Here’s the basic information, with a few updates:

The webcast will be held — and recorded — on Monday, November 15th, likely around 8 pm ET. It will be between 60 and 90 minutes. Those not attending live will be able to view it on Tuesday.

You must pledge by this Sunday, November 14th at 2 pm ET. Everyone who pledges, whatever the amount, will be able to watch a video recording of the webcast. However, those who pledge a bit more get to be more involved.

If you pledge more than $20, you can submit questions (and vote other others’ questions) in advance. The question form on Google Moderate will be open until Thursday evening, so if you want to do that, please pledge soon!

If you please more than $40, you can attend the live event and participate in the chat. Our space for the live event is limited. But if you don’t attend live, you’ll be able to watch the video recording of the event starting on Tuesday. (You’re also welcome to watch it again and again, even if you do attend live.)

Of course, any pledge amount is welcome! Just remember, you must pledge by this Sunday, November 14th at 2 pm ET.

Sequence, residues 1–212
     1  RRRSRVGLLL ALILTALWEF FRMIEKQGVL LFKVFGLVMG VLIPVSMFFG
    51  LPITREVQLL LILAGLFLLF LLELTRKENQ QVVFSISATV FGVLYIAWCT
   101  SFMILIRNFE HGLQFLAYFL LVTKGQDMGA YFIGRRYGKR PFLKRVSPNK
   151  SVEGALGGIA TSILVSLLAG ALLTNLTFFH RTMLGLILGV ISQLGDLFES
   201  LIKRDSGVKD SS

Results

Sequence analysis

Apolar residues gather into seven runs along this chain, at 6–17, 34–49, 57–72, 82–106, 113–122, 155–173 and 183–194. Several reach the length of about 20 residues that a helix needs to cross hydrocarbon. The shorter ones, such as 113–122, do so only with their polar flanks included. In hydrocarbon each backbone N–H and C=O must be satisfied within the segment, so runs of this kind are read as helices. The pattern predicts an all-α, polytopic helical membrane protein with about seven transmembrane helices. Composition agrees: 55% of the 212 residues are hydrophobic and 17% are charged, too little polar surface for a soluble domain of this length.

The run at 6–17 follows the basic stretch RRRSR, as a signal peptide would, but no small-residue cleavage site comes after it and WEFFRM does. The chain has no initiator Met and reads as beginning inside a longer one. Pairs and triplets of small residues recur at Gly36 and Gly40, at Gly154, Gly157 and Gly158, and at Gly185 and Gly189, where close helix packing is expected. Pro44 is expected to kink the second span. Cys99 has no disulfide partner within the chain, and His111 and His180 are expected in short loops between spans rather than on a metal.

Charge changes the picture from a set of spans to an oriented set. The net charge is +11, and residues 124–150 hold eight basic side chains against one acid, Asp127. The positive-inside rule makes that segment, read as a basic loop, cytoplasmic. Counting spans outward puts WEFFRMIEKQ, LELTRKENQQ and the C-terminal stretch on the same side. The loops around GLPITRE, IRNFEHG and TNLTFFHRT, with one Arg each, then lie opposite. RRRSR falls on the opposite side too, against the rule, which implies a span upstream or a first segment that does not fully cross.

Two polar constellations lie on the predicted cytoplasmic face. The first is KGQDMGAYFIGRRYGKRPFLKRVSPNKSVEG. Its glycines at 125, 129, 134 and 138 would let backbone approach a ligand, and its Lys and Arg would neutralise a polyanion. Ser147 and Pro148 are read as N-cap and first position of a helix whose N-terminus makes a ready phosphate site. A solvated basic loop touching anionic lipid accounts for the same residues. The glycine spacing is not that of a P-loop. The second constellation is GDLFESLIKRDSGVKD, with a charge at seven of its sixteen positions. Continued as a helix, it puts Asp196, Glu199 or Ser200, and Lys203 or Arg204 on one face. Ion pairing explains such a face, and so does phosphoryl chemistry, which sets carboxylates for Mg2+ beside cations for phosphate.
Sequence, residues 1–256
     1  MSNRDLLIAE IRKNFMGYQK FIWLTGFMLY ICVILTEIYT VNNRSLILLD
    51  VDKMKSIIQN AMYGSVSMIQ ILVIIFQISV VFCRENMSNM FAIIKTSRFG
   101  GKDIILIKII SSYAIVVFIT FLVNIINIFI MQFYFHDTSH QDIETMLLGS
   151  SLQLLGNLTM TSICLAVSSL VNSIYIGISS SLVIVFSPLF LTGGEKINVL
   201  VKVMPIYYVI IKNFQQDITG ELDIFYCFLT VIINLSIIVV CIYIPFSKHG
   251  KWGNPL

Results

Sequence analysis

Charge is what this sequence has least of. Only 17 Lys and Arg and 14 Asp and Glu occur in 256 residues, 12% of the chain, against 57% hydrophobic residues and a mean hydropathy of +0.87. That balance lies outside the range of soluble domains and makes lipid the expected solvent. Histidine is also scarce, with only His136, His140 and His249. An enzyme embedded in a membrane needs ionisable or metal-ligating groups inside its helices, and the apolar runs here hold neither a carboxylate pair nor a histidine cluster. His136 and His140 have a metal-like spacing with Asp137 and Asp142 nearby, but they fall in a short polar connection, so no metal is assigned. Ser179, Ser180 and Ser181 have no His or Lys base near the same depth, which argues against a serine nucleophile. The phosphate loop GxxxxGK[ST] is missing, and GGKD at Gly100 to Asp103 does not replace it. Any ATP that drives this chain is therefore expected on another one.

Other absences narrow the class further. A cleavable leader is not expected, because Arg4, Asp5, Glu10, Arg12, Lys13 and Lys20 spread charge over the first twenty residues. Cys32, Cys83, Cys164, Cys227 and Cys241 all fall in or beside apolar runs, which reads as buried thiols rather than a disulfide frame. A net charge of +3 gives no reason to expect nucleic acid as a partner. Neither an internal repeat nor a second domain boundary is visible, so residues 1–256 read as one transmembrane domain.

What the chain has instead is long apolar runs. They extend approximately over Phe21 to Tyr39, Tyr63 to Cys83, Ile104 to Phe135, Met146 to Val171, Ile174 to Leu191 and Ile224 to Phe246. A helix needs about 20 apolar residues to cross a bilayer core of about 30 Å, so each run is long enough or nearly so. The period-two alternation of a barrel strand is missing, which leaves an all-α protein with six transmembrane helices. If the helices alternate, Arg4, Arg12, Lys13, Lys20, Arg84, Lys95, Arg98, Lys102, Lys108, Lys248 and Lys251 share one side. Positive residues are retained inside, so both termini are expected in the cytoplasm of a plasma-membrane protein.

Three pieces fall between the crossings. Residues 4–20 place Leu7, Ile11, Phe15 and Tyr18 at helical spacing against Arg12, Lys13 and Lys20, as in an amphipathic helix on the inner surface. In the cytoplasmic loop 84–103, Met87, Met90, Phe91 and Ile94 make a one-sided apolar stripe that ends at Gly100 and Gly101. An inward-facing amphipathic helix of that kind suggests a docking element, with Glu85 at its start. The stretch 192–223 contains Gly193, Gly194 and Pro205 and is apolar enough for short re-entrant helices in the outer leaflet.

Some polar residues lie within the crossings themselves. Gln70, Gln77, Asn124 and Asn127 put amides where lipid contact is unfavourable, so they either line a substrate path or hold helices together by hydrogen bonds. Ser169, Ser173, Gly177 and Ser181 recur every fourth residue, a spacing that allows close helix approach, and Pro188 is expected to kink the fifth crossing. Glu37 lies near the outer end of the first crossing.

If you’d like to pledge, you can do so with this form. Even if you’re pledging less than $20, please include your questions in the comment field.

If you have any problems with that embedded form, try this one. If you have any questions or suggestions, please feel free to post them in the comments.

Here’s Professor Mossoff’s proposal for this webcast:

Ayn Rand was the first to recognize that all property is at root intellectual property. The law and history support Rand’s view that all property rights, whether in land, factories, consumer goods, securities, or inventions and books, are made possible by innovators who first conceived of these new values. Professor Mossoff will give a brief overview of the evidence supporting Rand’s view and answer questions about the theory, history, and law of intellectual property.

As that description suggests, the webcast will focus on answering pledgers’ questions about intellectual property.

You can find more on Professor Mossoff on his GMU faculty web page, and you can download many of his papers from his SSRN page.

Also, please note that Professor Mossoff cannot provide legal advice, and thus webcast questions should not concern, directly or indirectly, any legal disputes involving the questioner, either directly or indirectly.

Oct 292010
 

Adam Mossoff’s work on patents was recently discussed in a Wall Street Journal blog post entitled What Smartphone Makers Can Learn From the Sewing Machine Patent War by David Zax. It begins: